Fed up with what he describes as ‘radical’ criminal justice reforms making New York City less safe, disgruntled Democrat-turned-Republican Brian Robinson, who aims to unseat incumbent Council Member Keith Powers in representing City Council District 4, covering the western half of the Upper East Side, is focusing his bid on public safety. A former small-business owner with no experience in government, Robinson says getting tough on crime is the message that will resonate with voters.
“Because we are so relaxed about crime here in New York City, it’s actually emboldened criminals to commit more crimes, and that to me is radical,” Robinson told Upper East Site in a recent interview. “If somebody assaults somebody and they’re not held in jail, in my opinion, that’s a radical notion of criminal justice that puts more emphasis on the person who assaulted someone rather than the victim.”
While total crime is marginally down citywide, felony assaults and car thefts have increased. On the Upper East Side, crime has declined just under 4% from last year, though felony assaults have risen 8.2%, according to NYPD data.
Robinson, a father of two, started his career in finance, moved to New York City in the early 2000s and opened a small credit consolidation business. Last year, he ran for Congress in District 10 as a Democrat. However, after losing the primary and becoming increasingly disillusioned with the direction and policies of the Democratic Party, he bolted to the GOP.
“Joe Biden won the 2020 election,” he confirmed to Upper East Site, dispelling any notions he’s aligned himself with far-right election deniers.
The Democratic party “has changed to the tune of something that people don’t even recognize, myself included,” Robinson said. “It’s become really usurped by a new type of politician that has much more radical ideas for societal transformation, social transformation, that I don’t think [are] necessarily very well-conceived.”
Robinson is serious about improving public safety in District 4, which covers the western part of the Upper East Side, sections of Midtown, as well as Times Square and Stuyvesant Town-Peter Cooper Village. First and foremost, he said, the city needs to further empower the NYPD and scale back recent bail reforms.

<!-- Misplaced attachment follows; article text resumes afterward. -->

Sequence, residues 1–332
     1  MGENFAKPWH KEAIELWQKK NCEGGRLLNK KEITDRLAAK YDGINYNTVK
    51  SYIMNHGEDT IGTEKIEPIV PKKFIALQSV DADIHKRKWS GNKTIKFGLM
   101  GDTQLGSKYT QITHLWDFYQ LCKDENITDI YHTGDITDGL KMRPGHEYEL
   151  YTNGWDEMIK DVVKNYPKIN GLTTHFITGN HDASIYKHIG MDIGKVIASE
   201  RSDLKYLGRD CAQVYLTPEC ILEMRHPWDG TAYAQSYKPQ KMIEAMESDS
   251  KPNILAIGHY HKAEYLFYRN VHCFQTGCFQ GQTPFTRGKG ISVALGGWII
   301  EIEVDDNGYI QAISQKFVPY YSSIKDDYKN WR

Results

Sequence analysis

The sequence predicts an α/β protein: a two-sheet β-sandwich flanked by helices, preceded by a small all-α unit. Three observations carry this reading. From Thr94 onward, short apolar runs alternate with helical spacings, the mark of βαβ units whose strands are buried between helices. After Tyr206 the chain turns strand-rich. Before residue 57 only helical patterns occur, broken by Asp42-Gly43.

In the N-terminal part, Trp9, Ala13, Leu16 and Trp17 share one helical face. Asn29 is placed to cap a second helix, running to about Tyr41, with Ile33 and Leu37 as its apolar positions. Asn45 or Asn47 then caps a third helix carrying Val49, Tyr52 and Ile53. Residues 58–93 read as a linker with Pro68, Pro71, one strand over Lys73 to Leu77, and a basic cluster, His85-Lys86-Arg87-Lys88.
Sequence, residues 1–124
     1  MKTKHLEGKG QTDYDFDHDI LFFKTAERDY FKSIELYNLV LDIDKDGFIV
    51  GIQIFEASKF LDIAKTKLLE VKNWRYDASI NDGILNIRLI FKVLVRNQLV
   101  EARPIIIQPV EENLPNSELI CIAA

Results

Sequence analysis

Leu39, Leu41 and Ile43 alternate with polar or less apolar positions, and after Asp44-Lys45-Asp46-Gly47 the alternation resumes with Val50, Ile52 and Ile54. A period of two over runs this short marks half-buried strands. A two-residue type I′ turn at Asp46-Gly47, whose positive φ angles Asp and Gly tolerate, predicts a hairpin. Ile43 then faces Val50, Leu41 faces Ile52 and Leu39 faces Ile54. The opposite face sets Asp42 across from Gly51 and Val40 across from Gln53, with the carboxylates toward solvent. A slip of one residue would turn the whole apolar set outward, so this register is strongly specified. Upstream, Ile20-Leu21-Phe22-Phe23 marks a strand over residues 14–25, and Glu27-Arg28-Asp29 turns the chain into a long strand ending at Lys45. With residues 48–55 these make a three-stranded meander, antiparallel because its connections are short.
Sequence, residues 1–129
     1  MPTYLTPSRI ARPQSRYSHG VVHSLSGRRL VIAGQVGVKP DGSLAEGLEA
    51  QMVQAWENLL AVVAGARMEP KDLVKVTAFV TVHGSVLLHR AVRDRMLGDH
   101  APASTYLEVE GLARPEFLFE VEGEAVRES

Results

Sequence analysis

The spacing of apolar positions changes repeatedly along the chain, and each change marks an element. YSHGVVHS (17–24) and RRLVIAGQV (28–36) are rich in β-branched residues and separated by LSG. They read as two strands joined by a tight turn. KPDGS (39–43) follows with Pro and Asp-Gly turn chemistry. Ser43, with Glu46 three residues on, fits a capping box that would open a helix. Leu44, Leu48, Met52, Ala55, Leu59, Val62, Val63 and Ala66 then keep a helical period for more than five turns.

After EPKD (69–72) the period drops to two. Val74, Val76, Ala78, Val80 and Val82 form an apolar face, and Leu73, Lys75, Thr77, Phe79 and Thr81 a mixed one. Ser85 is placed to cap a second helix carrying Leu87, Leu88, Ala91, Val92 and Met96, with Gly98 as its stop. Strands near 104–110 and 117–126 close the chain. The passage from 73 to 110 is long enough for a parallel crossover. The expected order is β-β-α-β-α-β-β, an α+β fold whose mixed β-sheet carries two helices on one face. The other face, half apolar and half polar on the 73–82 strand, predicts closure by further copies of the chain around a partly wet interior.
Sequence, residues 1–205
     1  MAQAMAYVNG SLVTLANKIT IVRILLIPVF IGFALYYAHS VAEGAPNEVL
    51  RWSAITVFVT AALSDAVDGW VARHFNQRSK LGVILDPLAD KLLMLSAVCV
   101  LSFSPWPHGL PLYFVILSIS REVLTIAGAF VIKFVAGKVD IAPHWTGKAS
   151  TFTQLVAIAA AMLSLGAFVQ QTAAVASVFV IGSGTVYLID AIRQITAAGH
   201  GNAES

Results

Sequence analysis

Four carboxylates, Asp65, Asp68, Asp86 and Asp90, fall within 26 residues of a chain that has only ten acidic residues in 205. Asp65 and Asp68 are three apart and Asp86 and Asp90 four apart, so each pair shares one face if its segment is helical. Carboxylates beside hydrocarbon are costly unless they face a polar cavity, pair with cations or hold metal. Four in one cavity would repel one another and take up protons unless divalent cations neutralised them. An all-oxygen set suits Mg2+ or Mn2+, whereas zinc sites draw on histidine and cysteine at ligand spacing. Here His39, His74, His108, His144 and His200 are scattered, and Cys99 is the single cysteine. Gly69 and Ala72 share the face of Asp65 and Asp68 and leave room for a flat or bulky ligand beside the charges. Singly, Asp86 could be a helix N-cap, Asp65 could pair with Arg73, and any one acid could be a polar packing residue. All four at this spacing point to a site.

Homelessness and a lack of mental health care are also contributing to rising crime rates, Robinson said.
He went on to detail an alarming encounter other Upper East Siders have experienced themselves when a man, who Robinson believes was homeless, followed his wife and then-4-year-old daughter into their apartment building and wouldn’t leave them alone. Though Robinson was able to escort the stranger outside without anyone getting hurt, the incident has shaped his commitment to public safety.
“There’s been so many uncomfortable encounters, and it’s really an issue that nobody can deny, and it needs to be nipped in the bud,” Robinson said. He believes the city should start enforcing Kendra’s Law — which grants a judge the authority to mandate mentally ill people deemed unable to take care of themselves be required to undergo psychiatric treatment — more strictly.
“I don’t agree with housing first, for homeless[ness], because I think if you have somebody with untreated severe mental illness, which is often comorbid with drug abuse, it doesn’t matter if you give them a roof, they’re going to prefer to be outside anyway.” He offered no evidence to support this.
Should he be elected, Robinson said he would work to bring back old-school law enforcement tactics, like ‘broken windows’ policing and stop-and-frisk. Both strategies have been criticized for their racist implementation within the NYPD.
In order to prevent this, he argues law enforcement training academies should “weed out police officers that have a tendency toward that type of behavior,” possibly through more rigorous psychological examinations.
Another public safety issue he vows to tackle is the increasing presence of unlicensed and unregistered e-bikes and mopeds whizzing through traffic, congregating in front of businesses, and sometimes injuring pedestrians.
Robinson said he supports a bill, currently in committee, that would require all electric bikes to be registered and adorned with a license plate. Robinson’s opponent, Council Member Keith Powers is co-sponsoring this bill, and has supported other e-vehicle safety legislation.
“There is far too much chaos on the streets when high-powered e-vehicles are rushing through sidewalks and intersections,” Robinson said. “Accountability is everything to change that type of behavior.”
He is also committed to identifying and prosecuting the owners of unlicensed smoke shops selling cannabis products without a license. “It’s just egregious that shops can pop up in an illegal manner, marketing and selling unregulated high potency drugs to children,” Robinson said. “We have to shut them down.”
Though he is the underdog in the upcoming race, Robinson is confident that his message will be heard.
“I’m a parent, former small business owner, somebody who understands fiscal responsibility, somebody who understands the importance of feeling safe in your neighborhood and not feeling like you always have to look over your shoulder.”
The City Council election will take place this November 7th, with early voting from October 28th to November 5th. To find your polling place, visit New York City’s Board of Elections website.